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Pectin

Scientific Name(S): Pectin

Common Name(S): Pectin

History: Pectin is found in the cell walls of all plant tissue where it acts as an intercellular "cement," giving the plant rigidity. The compound is found at concentrations of 15% to 30% in the fiber of fruits, vegetables, legumes and nuts. Lemon and orange rinds are among the richest sources of the compound, containing up to 30% of this polysaccharide. Pectin is also found in the roots of most plants.

Pectin has been used in the food industry to add body and texture to jellies, jams, puddings and other gelatinous products. It has also been added to antidiarrheal products and has been particularly effective when combined with adsorbing clays such as kaolin.

Uses of Pectin:

Pectin has been used to lower blood lipoprotein levels, in antidiarrheal products, and investigated for its ability to reduce the consequence of exposure to radiation.

Side Effects of Pectin:

Pectin is generally well tolerated when ingested. Occupational asthma has been associated with the inhalation of pectin dust.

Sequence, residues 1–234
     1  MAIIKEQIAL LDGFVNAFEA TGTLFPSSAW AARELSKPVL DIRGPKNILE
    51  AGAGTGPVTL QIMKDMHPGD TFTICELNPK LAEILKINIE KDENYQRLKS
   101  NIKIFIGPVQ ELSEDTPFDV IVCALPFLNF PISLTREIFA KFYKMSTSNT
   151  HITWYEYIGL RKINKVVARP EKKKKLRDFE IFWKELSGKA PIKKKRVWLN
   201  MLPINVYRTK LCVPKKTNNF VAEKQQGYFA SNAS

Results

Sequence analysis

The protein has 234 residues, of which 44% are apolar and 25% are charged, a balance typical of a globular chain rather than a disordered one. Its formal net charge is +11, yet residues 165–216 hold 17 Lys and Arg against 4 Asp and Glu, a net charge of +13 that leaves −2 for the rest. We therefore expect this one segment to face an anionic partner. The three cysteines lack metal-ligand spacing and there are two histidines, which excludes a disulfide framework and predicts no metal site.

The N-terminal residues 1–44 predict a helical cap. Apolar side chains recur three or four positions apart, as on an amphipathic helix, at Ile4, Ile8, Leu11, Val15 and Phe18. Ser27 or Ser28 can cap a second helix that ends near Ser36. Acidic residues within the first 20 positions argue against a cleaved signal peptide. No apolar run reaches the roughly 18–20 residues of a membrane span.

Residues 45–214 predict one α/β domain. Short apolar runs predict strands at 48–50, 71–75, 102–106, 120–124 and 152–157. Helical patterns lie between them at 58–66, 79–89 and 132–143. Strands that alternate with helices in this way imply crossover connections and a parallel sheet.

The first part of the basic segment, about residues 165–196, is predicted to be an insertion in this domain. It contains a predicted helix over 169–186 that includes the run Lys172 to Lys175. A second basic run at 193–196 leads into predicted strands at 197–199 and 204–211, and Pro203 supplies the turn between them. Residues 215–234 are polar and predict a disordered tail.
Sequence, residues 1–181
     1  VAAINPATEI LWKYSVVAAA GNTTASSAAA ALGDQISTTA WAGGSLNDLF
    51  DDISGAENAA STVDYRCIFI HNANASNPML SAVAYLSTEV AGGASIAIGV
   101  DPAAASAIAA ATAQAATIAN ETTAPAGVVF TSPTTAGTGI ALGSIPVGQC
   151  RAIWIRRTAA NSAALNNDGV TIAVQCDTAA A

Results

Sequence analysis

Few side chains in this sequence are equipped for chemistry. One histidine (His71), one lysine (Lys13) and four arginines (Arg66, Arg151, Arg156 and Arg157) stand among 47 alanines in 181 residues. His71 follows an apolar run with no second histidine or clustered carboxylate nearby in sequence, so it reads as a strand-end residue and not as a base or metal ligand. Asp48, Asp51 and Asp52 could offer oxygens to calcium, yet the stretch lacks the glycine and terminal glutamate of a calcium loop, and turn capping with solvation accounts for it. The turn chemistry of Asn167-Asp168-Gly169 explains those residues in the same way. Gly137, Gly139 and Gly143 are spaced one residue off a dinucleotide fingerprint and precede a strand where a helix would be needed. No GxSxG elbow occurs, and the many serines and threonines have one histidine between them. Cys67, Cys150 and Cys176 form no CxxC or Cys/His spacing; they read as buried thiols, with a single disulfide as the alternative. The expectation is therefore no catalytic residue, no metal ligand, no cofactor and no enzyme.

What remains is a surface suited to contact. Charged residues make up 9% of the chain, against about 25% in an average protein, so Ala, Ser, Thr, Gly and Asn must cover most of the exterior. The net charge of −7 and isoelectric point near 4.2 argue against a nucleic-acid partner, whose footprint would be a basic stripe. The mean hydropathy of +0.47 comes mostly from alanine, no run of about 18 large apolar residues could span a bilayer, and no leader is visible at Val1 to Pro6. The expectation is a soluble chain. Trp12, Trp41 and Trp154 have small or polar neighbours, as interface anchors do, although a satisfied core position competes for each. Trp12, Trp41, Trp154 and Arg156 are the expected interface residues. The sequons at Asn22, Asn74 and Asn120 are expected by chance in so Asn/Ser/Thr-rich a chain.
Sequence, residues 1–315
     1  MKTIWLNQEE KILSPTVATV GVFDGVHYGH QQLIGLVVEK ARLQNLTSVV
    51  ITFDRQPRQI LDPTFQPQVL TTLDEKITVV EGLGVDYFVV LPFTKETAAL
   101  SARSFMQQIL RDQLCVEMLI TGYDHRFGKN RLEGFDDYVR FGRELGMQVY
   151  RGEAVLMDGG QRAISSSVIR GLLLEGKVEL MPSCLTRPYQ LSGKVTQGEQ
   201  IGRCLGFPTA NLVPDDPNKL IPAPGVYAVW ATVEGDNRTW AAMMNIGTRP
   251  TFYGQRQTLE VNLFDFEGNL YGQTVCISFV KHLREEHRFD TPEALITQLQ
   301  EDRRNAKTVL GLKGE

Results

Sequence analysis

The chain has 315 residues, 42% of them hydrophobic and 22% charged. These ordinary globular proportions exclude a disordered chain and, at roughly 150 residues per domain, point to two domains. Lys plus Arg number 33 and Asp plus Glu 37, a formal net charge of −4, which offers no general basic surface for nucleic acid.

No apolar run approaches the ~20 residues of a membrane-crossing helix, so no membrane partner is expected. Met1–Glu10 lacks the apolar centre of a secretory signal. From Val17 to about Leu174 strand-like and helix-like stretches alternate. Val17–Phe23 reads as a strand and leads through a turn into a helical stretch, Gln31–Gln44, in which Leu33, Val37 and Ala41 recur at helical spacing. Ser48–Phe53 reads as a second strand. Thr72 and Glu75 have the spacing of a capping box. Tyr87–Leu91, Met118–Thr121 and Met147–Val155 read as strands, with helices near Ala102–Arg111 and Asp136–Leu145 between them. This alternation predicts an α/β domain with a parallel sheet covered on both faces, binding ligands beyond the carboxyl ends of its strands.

Drug Interactions: Coadministration of pectin with beta-carotene containing foods or supplements can reduce the blood levels of beta-carotene by more than one-half.

Toxicology: Pectin is a fermentable fiber that results in the production of short-chain fatty acids and methane. Concomitant administration of pectin with beta-carotene containing foods or supplements can reduce the blood levels of beta-carotene by more than one-half. There is some indication that concomitant ingestion of pectin with high energy diets may reduce the availability of these diets, as demonstrated in a controlled trial of undernourished children; urea production was also shown to be lower in children who ingested pectin with their caloric supplement.

Occupational asthma associated with the inhalation of pectin dust is a well-recognized hazard.

Summary: Pectin is a natural polysaccharide that forms thick colloidal solutions in water. It is added to processed foods to create texture. Medicinally, the compound has been widely used in antidiarrheal products, serving as a stool-forming agent. It also appears to lower blood lipoprotein levels. Pectin is generally well tolerated, although it may interfere with the absorption of dietary nutrients.


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